Brier spends several pages discussing Akhenaten, Tutankhamen's father. I agree with Brier that to understand Tutankhamen's reign, his death/murder, and its aftermath an understanding about Akhenaten's reign is important. However, while Brier does a good job bringing this ancient king to life, I found that at times he loses his objectivity as a scientist/historian. When I read the sections in which Brier lauds Akhenaten for being a visionary and for bringing monotheism to ancient Egypt, I began to vehemently disagree with Brier about how "terrific" Akhenaten was as a visionary leader. I find Akhenaten's neglect of his pharaonic duties appalling.

Brier tends to generalize a lot about religion and other aspects of ancient Egyptian history. I suspect the reason for these generalizations is that Brier wants to give readers an overview of ancient Egyptian life. Any greatly detailed history would lead away from the point of the book: Did someone murder Tutankhamen and if so, who orchestrated and carried out the act? If you read this book, I recommend performing a little research on your own just to have another historian's point of view about ancient Egypt.

Brier intrigued me with his discussion about the power vacuum created after Tutankhamen's death. I wish he had spent more time discussing the political intrigue that took place in a pharaoh's court. For example, we know a lot about the backstabbing politics of England's Tudor court. Was the pharaoh's court similar?

Brier excels at bringing Tutankhamen and his wife Ankhesenamen to life. They become three dimensional people with wishes and dreams. Through Brier's discussion about artifacts depicting the royal couple, readers learn that Tutankhamen and Ankhesenamen truly loved each other and enjoyed each other's company. According to Brier, the artists who created the paintings and carvings of the couple always show them holding hands or in some way showing affection for each other. For Tutankhamen, Ankhesenamen was the only wife and queen for him. He did not have any other wives.

So for me, their story is tragic. Tutankhamen and Ankhesenamen died at unusually young ages. And both of them died under mysterious circumstances. From what little historians know about them, they seemed to enjoy life as well as each other's company. To me, their story is worse than Romeo and Juliet because Tutankhamen and Ankhesenamen's story is true. ( )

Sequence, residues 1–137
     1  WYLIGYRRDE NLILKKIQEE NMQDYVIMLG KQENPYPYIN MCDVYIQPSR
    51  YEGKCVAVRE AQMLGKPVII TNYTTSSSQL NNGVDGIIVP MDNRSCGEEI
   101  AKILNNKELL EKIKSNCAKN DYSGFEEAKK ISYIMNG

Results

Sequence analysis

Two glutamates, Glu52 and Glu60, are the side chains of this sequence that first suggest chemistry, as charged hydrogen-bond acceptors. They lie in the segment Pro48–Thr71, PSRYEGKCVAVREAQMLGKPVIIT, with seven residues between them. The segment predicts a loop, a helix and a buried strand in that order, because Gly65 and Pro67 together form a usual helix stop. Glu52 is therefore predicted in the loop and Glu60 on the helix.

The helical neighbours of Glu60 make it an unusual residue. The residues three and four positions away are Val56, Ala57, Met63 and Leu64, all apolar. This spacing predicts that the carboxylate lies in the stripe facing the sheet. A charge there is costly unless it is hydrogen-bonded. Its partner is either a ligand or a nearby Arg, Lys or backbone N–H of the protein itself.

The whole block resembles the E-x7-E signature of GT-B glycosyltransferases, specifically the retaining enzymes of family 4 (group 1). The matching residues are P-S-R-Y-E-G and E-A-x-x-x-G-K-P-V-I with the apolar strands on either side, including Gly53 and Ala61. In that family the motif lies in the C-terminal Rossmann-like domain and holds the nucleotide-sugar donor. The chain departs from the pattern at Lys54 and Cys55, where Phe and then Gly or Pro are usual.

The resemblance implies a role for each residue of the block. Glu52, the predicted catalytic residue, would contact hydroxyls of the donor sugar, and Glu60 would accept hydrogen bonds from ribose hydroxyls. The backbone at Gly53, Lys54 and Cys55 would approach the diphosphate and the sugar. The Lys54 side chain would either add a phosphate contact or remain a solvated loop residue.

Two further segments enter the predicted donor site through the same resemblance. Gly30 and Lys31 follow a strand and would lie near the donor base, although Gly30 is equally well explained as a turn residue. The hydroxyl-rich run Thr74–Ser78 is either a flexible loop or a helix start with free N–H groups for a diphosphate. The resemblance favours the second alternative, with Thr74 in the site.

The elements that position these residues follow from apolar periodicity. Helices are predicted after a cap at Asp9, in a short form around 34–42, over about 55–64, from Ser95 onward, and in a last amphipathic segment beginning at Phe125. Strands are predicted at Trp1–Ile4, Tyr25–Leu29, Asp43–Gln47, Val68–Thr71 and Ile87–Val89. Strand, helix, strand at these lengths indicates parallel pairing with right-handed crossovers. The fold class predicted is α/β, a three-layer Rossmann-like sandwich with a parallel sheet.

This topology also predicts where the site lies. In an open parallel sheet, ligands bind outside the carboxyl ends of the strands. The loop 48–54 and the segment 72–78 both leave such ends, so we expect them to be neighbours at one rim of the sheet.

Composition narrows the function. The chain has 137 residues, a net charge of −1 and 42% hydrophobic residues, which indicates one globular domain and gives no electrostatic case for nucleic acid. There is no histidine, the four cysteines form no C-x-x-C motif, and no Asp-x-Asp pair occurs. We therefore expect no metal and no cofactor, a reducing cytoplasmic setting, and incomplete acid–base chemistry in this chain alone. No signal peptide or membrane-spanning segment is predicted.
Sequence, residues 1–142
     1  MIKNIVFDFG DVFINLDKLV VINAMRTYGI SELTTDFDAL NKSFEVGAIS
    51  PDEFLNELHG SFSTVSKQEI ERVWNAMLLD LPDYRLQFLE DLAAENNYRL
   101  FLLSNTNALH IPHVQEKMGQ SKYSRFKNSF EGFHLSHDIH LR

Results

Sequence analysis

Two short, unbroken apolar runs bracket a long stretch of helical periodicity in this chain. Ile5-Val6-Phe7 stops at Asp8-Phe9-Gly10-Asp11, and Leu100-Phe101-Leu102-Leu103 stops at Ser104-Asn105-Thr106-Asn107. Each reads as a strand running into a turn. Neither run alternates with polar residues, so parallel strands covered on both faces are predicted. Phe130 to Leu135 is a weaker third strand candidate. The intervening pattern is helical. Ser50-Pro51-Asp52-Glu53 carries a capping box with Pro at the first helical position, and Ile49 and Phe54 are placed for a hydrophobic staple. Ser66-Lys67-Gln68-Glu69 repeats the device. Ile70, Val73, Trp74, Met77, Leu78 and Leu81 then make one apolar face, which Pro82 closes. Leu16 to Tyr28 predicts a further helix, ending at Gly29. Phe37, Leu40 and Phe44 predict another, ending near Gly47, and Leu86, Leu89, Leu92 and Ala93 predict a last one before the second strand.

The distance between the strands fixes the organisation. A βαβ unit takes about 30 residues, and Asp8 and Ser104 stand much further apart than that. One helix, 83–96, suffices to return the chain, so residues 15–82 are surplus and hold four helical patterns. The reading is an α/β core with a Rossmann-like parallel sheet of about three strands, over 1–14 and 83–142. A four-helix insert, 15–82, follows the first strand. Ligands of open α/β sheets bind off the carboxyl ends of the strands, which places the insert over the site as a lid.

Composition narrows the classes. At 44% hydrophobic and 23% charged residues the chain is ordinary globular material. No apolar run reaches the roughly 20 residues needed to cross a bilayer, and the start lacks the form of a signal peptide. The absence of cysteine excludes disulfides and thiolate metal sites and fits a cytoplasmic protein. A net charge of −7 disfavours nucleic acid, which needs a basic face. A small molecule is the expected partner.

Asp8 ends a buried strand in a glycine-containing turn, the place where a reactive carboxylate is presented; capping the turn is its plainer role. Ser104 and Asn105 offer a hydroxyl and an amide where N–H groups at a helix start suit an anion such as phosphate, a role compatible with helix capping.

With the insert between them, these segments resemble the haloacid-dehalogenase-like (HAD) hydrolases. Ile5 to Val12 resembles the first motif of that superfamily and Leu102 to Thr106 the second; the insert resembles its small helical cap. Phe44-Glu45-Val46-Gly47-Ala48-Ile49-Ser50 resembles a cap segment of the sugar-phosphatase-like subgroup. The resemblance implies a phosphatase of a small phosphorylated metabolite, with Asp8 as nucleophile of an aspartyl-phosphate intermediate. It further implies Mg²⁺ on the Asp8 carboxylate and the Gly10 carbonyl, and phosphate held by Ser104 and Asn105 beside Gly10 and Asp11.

1 vote Blacklin | Nov 22, 2008 |
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Amazon.com Amazon.com Review (ISBN 0425166899, Paperback)

For decades after the discovery of Tutankhamen's tomb, the dazzling treasures found along with the mummy distracted many of us from the actual events of Tutankhamen's life. But take a look at the body itself--cranialX-rays reveal a location on the back of the skull that may indicate a hemorrhage, perhaps one caused by a deliberate blow. The question thus arises: Was King Tut murdered?

Egyptologist Bob Brier specializes in paleopathology, the study of diseases in the ancient world. In essence, he performs high-tech autopsies on 3,000-year-old corpses. (He's also taken part in a re-creation of Egyptian mummification techniques, including the extraction of the brain through the nasal passages.) Here, he examines the X-rays and other photographic evidence, correlating it with the research of other Egyptologists, and concludes that Tutankhamen was the victim of political and religious intrigues that developed into a fatal conspiracy. True crime buffs and historians alike will find much to like in Brier's fast-paced recounting of his investigations.

(retrieved from Amazon Thu, 12 Mar 2015 18:02:57 -0400)

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Examines artifacts, documents, tombs, and x-rays of ancient mummies to support the author's claim that young Egyptian pharaoh Tutankhamen was murdered.